The Island’s auctioned properties, Blomquist said, “should help ease the zombie foreclosure problem on Long Island,” since the new owners will rehabilitate the homes and put them back on the market. That, he said, could provide “a modicum of relief in a tight inventory market, particularly for first-time buyers and investors looking for deals.”

But the auctions — which include homes on the block due to failures to pay mortgages, tax liens and homeowners’ association common charges — come with pitfalls. Bidders cannot inspect the interior of the homes, instead relying on exterior inspections, municipal building records and searches for liens and judgments. They must put down a 10 percent deposit at the auction, which they forfeit if they cannot close the sale quickly, generally within 30 days. And they must contend with sharp-elbowed competitors.

Bethany Marten, founder of Home Buyers’ Resource Center, a Babylon brokerage representing buyers, has only bought one home at a foreclosure auction, more than 20 years ago — a Colonial in Medford. Squatters had clawed a hole in the back of the house, scrawled bizarre markings all over the walls and stolen copper pipes, Marten recalled.

After making extensive repairs, coping with a “bad” tenant and finally reselling the house, “I think I was lucky to make maybe $15,000,” she said. “If I had to do it all over again, I wouldn’t do it.”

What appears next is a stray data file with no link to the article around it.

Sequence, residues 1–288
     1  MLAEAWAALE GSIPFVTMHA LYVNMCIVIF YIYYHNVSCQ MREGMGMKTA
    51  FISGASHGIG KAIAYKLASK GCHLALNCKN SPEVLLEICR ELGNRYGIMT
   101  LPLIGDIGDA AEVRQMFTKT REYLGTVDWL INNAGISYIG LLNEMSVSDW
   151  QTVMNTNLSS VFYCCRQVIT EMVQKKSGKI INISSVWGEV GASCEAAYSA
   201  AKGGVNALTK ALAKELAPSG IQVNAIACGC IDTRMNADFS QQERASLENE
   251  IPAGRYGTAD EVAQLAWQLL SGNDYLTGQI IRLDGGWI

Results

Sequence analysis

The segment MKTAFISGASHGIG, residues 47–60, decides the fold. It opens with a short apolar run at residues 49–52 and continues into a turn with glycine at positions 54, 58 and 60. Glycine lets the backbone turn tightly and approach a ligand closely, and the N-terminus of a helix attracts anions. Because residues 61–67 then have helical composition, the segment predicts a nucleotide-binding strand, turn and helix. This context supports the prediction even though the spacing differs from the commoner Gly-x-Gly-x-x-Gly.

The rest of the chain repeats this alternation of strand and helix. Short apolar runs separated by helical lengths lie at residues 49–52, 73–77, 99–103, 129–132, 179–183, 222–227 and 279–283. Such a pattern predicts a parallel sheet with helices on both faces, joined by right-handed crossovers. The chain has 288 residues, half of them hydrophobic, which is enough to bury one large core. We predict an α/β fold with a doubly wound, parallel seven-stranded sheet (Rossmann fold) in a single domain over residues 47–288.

She also was put off by the bidders who gathered before auctions, chatting about the homes to be sold. “Like, ‘if you back off on that property, which I really, really want, I’ll back off on this other property,’” she recalled. “It’s very dangerous . . . I’m willing to do quite a bit of due diligence, but there’s a lot of risk involved.” Now more bidders are turning out for auctions — experienced home flippers who expect to make profits of about 15 percent, as well as newbies who stand to lose everything, said David De Rosa, owner of Island Properties & Associates LLC in Farmingdale, who said he has purchased more than 3,000 properties since the 1980s, mostly distressed homes on Long Island.

Many banks still hold out for too-high prices, De Rosa said. At one recent auction, De Rosa said, a buyer purchased a Huntington home for more than $300,000 — not realizing that the home was saddled with a hefty first mortgage as well as about $65,000 in judgments, De Rosa said.

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“Fifty percent of the purchases at the sales are probably bad buys,” he said. And while most “flipped” homes are fixed up properly, since they will need to pass rigorous inspections, some investors do “very quick, cut-corner work,” he said.